American Money: Is a Green Job or Business Right for You?

American Money: Is a Green Job or Business Right for You?

American Money: Is a Green Job or Business Right for You?

How the green economy can bring economic opportunity to our communities.

Published April 22, 2013

Economic recovery is evading our most struggling populations with African-American and Latino unemployment still nearly twice the national average. But as we celebrate Earth Day, now is a fitting time to highlight how the emerging green sector can bridge our communities to economic opportunity.  

Green jobs, which are jobs that help improve the environment and lessen the destructive impact that we have on our planet, are steadily on the rise. Today, nearly 3 million people are employed in the green sector with jobs ranging from the manual (manufacturing and construction) to managerial (research, design, planning and development).

Unbeknown to most, green jobs are located in many of our communities. Urban centers account for 64 percent of all green jobs and they are highly concentrated in the West and Southern regions of the U.S.  

The vast amount of opportunities in the green sector explains the popular phrase, “green jobs equals good jobs.”  For instance, green economy workers’ wages are 13 percent higher than average median wages. Green economy workers are also more likely to report greater career mobility and advancement.

And for those who may be concerned about lacking the right skills to qualify for a green job, don’t be. Training opportunities are endless with hundreds of programs available that provide green certifications and licenses.

Budding entrepreneurs should also consider starting a green business. Consumers are increasingly concerned about the sustainability of our environment. In one study, near half of the respondents wanted to see finance companies provide monetary or investment incentives to businesses that are creating new clean energy technologies or promoting innovative environmental policies and practices. The study highlights a growing trend of consumers employing more social responsibility when deciding where and how they spend their money.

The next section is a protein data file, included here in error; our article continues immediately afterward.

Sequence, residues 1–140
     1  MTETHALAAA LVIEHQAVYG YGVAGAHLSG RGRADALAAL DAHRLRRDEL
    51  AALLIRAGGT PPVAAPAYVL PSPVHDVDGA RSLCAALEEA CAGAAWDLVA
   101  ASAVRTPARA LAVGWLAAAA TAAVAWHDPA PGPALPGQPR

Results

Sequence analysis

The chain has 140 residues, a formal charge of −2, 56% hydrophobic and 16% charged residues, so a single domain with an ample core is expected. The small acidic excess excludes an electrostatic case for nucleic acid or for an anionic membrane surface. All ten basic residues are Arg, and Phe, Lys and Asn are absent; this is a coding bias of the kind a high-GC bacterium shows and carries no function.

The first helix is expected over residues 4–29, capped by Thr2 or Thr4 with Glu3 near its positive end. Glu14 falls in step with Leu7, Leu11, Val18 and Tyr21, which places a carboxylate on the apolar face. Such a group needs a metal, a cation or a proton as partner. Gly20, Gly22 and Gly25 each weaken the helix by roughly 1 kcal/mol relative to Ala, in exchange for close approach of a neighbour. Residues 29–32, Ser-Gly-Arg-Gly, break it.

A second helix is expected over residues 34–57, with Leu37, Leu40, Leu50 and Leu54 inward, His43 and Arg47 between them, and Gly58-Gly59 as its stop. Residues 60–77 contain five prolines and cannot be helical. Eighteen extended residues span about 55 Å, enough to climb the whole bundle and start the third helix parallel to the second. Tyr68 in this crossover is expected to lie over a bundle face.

So, if you never thought about securing a green job and/or starting a green business, now is the time. There are a variety of resources available to assist you, including a few listed below:

Green Careers  - Career One Stop

Sponsored by the U.S. Department of Labor, Employment and Training Administration, CareerOneStop’s Green Careers section provides an outline of green careers in today’s changing workplaces.  The site also offers a job database to search for green jobs nationwide.

Green Programs, Certificates, & Workforce Development Training

The Advanced Technology and Environmental and Energy Center (ATEEC) created a database to help you identify listings of environmental and energy technology programs in the nation's two-year colleges, high schools, and workforce training organizations.

Starting a Green Business

The Small Business Administration provides numerous resources for entrepreneurs interested in starting a green business. Resources range from how to find your niche in the green economy to how to become certified and differentiate your product or service as environmentally sound.

So maybe its time you pursue that green job or green business! Opportunity may be closer than you think!

Dedrick Muhammad is the senior director of the NAACP Economic Programs. To learn more about preventing foreclosure and personal finance, check out the NAACP Financial Freedom Center Facebook Page or on Twitter @naacpecon.

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(Photo: Todd Warnock/Getty Images)

Written by Dedrick Muhammad


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